In the wake of destruction in Jacksonville, Alabama, two Ole Miss law students took it upon themselves to help the community heal.
A tornado with winds up to 150 miles per hour devastated the Jacksonville area March 19, leaving many school buildings and student apartments at Jacksonville State University without power and others condemned after suffering severe external damage. In the wake of the tornado, the University of Mississippi Student Bar Association (SBA) is taking donations of money and school supplies to assist JSU students transitioning back to school.
“Why? Because my fellow students have a heart for philanthropy, and we all recognize that we could just as easily be in these students’ shoes,” said Chloe Kennedy, one of two law students leading the campaign.
Second-year UM law student Marilyn Higdon graduated from Jacksonville State University as a psychology major in 2014. When the tornado hit her alma mater several weeks ago, she was devastated.
“Luckily, there was no loss of life because the students were on spring break,” Higdon said. “However, there were still some students there, and several of them were injured. I know one individual lost his arm.”
Both Higdon and Kennedy agreed that JSU had done so much in their lives, and they felt an obligation to give back to the school in its time of need.
“Sitting watching the news, you know, you just get that helpless feeling,” Higdon said. “You see your home, your alma mater, the place where you spent four years of your life in school, and you see complete destruction headed its way.”
Kennedy said she felt the work was necessary to complete.
“In my mind, it goes along with the saying ‘to whom much is given, much is expected,’” she said. “As a result, I feel like it’s not just important to do this work, but it’s my duty.”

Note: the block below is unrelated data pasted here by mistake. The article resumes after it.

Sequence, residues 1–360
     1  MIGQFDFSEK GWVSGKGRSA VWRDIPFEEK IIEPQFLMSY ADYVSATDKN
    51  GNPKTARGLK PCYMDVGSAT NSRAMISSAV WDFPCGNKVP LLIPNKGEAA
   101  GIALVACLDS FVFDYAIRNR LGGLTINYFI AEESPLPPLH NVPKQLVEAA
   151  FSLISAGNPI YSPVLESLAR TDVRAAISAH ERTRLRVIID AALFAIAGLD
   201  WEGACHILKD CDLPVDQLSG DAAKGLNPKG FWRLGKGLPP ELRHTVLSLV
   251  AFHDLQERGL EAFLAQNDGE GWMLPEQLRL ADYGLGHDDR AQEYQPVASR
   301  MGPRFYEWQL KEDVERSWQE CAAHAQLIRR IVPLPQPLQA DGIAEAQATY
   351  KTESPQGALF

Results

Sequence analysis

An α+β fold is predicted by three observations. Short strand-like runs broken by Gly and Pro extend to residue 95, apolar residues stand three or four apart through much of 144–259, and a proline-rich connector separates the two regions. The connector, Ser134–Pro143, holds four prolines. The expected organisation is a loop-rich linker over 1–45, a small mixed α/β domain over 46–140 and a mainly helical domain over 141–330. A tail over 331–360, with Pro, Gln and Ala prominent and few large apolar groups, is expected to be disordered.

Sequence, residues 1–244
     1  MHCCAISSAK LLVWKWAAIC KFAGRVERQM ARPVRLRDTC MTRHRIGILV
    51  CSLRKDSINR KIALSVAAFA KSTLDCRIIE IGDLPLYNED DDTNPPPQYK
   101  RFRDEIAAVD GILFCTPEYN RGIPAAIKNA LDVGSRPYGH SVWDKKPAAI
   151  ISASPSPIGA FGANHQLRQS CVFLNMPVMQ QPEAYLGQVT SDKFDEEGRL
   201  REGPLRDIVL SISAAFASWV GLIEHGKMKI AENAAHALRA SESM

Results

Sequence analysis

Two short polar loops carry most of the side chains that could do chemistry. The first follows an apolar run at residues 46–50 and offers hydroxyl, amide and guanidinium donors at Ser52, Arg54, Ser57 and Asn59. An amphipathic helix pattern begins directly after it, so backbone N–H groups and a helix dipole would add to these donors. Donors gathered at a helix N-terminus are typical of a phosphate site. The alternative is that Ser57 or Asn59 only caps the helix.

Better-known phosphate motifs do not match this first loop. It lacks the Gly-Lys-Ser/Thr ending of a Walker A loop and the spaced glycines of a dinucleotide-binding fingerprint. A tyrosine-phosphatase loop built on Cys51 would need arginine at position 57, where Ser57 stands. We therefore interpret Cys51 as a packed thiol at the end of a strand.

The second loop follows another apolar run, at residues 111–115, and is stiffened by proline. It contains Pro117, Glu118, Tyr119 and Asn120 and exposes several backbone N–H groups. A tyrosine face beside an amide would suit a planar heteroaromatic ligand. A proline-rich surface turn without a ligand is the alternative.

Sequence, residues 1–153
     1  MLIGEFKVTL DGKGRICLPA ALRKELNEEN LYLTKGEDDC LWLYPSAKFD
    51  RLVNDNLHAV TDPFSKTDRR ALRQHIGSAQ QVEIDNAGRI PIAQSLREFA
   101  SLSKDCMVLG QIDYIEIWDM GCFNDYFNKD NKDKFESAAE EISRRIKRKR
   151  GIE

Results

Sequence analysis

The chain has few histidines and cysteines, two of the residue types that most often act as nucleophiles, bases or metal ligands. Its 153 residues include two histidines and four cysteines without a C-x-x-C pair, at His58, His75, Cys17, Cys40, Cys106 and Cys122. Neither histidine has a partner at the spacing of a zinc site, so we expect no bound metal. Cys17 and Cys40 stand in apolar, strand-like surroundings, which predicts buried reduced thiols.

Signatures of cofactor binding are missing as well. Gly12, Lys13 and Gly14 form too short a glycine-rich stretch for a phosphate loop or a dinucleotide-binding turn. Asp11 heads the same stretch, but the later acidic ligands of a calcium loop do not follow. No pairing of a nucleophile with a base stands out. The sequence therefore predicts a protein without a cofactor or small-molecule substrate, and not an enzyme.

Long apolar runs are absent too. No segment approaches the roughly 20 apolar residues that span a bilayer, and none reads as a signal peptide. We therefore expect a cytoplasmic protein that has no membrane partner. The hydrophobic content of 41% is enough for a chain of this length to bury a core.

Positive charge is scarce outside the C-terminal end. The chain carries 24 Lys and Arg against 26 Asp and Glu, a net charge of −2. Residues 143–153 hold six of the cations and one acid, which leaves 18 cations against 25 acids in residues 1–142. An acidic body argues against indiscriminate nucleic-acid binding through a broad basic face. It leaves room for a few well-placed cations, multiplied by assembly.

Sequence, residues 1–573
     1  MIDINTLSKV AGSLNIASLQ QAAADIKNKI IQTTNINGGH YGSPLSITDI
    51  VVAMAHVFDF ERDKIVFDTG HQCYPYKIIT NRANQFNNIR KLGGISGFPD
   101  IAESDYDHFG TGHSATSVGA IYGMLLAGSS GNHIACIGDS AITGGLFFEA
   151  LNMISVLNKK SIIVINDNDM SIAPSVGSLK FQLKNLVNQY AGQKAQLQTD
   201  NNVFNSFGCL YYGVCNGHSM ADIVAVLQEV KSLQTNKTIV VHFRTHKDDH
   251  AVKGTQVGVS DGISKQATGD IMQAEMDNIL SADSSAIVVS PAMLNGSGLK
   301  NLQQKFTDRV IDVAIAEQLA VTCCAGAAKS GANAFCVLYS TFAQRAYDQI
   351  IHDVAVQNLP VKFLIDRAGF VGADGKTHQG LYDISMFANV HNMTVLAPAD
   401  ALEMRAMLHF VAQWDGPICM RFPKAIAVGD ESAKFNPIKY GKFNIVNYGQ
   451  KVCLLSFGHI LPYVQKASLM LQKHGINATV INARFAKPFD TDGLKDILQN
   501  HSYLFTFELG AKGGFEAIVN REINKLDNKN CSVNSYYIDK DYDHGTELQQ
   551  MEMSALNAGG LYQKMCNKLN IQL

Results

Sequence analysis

Instead of letting helplessness win, Higdon and Kennedy contacted the JSU alumni coordinator and Board of Trustees to ask what they could do to help the school and the student body to recover.
“The response we got back from both was that mostly what’s needed right now is everyday supplies that students need to go back and forth from class: phone chargers, water bottles, backpacks, those types of things,” Higdon said.
The pair has set up a collections box for goods and a monetary donations box inside the law school. The drive will continue through the end of this spring semester.
Higdon said she recognizes how difficult it is sometimes for students to make charitable donations, and that is the reason behind organizing the goods drive as well.
“You know, we are all just broke college students,” Higdon said. “Sometimes we don’t have 20 bucks to give. However, we may have a bunch of phone chargers or something, so if anyone wants to donate a good, that is also so greatly appreciated.”
While there is no list of specifically needed items, Higdon asks students to think of items they use daily.
“Imagine anything in your apartment, if your whole apartment was wiped out and wet, that you would need to be able to go to class and finish the semester,” she said. “That’s what JSU students need right now.”
As a result of the tornado damage, many JSU students don’t have anywhere to live and are struggling to finish out the semester.
“This drive is just giving some type of ease to the students getting back to a normal way of life,” Higdon said. “Sometimes the little things that we can give are the most important.”
Anyone who wishes to contribute can email Kennedy at email@example.com.